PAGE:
Rather than fighting against these odds, many people accused of libel in Britain settle without trials. Or, in suits involving foreign defendants, they simply do not show up.
That is what happened in the case of Rachel Ehrenfeld, director of the American Center for Democracy, who four years ago lost a case that gave rise to the American lobbying campaign.
Ms. Ehrenfeld was sued in Britain by a Saudi businessman, Khalid bin Mahfouz, after she wrote, in a book titled “Funding Evil: How Terrorism Is Financed – and How to Stop It,” that he and members of his family had financially supported Al Qaeda prior to the attacks of Sept. 11. The accusations were found to be without merit by a British judge, who ordered Ms. Ehrenfeld to pay £10,000 each to Mr. Mahfouz and his two sons, and more than £100,000 in legal costs.
Ms. Ehrenfeld contends that the case should never have been allowed to proceed in Britain, given that only about two dozen copies of the book were shown to have been sold there.
Laurence Harris, a lawyer at Edwards Angell Palmer & Dodge in London who represents Mr. Mahfouz, disputed Ms. Ehrenfeldﾒs characterization of her client as a libel tourist, saying he was justified in suing in Britain because of business interests and personal dealings there.
“We don’t think that this book should be seen as a cause celebre for the issue,” he said. “The U.K. has always seen, rightly I think, that if you say something defamatory about someone, you ought to be able to prove it.”
Ms. Ehrenfeld has found supporters in Congress, where Senators Arlen Specter of Pennsylvania and Joseph Lieberman of Connecticut this winter introduced a bill that would allow Americans to countersue for triple damages if a foreign libel suit was “part of a scheme to suppress a U.S. personﾒs First Amendment rights.” A similar bill has been introduced in the House of Representatives, following the passage of a weaker measure in the House last year.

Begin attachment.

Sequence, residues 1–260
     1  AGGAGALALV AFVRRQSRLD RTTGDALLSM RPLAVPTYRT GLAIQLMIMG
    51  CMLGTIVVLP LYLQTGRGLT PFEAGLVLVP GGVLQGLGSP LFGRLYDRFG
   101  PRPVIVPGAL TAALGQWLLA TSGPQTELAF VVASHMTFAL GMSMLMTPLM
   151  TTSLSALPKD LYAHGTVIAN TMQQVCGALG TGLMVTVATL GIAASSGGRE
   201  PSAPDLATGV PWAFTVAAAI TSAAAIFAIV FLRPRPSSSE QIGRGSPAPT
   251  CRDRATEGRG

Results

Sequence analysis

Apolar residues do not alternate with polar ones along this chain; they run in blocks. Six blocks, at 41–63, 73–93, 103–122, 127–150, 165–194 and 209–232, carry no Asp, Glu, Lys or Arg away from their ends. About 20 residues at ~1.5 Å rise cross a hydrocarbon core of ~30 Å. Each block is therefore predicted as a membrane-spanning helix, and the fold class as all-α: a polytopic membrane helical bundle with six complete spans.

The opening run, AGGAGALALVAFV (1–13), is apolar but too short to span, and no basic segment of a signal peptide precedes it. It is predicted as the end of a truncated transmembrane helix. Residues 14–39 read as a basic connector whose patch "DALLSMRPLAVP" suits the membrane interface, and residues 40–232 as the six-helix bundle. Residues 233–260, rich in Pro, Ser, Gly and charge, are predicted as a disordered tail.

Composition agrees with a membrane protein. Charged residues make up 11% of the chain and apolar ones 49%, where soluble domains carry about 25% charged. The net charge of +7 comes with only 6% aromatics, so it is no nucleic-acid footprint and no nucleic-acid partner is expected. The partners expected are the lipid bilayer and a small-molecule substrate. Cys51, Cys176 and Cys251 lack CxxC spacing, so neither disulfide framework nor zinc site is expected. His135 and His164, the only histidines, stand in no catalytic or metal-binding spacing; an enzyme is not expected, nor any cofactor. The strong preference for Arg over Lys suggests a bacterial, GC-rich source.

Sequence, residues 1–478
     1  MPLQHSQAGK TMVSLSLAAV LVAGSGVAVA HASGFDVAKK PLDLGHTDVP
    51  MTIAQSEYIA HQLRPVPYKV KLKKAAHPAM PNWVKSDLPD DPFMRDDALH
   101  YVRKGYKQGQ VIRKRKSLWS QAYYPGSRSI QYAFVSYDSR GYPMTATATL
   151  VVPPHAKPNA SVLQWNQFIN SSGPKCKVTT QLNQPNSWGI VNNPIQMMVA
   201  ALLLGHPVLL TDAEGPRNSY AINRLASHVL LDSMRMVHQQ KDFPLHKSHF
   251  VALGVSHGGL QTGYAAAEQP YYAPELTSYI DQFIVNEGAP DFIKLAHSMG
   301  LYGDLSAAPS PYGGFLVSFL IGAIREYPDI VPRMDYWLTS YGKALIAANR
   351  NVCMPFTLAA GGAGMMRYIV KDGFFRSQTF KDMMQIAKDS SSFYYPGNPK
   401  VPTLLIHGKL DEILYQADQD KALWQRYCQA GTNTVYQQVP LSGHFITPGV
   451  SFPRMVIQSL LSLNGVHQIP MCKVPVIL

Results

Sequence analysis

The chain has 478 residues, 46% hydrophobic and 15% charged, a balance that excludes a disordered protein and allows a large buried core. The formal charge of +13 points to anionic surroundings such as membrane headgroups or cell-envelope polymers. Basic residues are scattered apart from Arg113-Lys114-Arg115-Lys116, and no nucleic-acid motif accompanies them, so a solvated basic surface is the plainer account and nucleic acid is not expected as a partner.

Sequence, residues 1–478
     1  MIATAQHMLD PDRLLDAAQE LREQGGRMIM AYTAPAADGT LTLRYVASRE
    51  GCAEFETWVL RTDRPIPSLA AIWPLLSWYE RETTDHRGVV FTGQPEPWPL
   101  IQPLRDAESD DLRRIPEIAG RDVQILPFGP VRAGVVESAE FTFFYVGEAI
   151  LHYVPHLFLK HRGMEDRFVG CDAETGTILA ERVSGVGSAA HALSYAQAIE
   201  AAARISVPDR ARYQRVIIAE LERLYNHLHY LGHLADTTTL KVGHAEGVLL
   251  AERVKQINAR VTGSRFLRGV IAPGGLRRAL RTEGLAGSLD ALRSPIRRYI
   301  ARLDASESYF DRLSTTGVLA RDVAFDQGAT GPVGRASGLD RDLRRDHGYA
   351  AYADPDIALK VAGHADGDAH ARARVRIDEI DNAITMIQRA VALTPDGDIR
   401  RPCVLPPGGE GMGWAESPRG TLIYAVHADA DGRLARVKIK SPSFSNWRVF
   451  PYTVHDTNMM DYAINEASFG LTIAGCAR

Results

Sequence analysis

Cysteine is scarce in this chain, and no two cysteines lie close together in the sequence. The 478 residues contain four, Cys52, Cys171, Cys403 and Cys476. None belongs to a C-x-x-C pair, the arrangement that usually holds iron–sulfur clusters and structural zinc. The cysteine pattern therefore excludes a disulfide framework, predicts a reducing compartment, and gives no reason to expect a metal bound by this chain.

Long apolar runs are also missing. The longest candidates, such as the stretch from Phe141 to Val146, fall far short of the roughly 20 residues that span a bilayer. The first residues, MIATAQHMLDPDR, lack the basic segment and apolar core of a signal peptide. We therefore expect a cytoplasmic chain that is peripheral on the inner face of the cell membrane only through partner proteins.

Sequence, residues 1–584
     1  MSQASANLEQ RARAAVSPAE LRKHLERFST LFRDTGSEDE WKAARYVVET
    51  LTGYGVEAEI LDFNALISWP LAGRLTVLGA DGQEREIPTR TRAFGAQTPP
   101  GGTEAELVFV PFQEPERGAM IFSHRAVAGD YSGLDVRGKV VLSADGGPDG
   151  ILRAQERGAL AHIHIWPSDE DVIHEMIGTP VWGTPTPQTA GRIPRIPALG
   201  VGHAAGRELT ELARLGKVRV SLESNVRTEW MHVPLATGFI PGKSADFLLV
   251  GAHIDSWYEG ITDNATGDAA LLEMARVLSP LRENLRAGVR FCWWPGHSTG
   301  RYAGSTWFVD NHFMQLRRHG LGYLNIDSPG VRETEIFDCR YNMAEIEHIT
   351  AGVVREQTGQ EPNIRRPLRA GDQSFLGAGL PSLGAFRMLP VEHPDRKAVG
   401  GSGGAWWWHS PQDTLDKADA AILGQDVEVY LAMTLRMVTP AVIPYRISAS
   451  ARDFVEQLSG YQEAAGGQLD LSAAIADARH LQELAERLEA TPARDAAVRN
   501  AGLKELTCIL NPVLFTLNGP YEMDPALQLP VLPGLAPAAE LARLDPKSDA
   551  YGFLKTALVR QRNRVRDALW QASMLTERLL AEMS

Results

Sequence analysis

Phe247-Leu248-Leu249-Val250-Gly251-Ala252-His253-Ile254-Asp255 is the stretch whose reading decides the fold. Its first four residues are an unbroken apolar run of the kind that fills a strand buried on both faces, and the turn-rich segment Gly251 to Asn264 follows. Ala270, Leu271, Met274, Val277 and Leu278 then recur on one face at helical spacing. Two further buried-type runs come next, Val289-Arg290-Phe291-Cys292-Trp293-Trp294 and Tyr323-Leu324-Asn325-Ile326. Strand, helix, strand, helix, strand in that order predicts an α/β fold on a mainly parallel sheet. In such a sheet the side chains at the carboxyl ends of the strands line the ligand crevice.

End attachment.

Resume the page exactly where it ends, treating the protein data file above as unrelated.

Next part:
National differences in libel laws have always existed, but the borderless nature of the Internet has increasingly brought them into conflict. In the case of “Funding Evil,” for instance, the first chapter of the book was published on the ABC News Web site, giving it a far wider circulation in Britain than the 23 copies that were sold there, according to the judge who issued the ruling, David Eady.
Britain has started to look into such cases, as part of a broader study of the news media. In April, members of Parliament from the Culture, Media and Sport Committee traveled to New York to interview Ms. Ehrenfeld as well as newspaper editors and media lawyers, asking about differences between U.S. and British approaches to libel, privacy, fact-checking and other journalistic matters.
Marcus Partington, a lawyer for the newspaper publisher Trinity Mirror, told the committee in February that the countryﾒs approach to libel was damaging the reputation of British courts.
“I think it is very regrettable that we are in a situation where one of our chief allies is in a situation where it is taking steps to pass laws because we do not do enough in this country to protect freedom of expression, and to allow libel tourism,ﾔ he said. ﾓI think as a country we should do something to stop that.”
The committee is expected to produce a report on its findings this summer.
Ms. Ehrenfeld, however, is placing her hopes in Congress. If it passes a law authorizing countersuits against foreign libel claimants she plans to go back to court against Mr. Mahfouz, she said.
“I have business to finish,” she added. “I want him to prove that what I have said is not true.”
Categories: ACD in the Media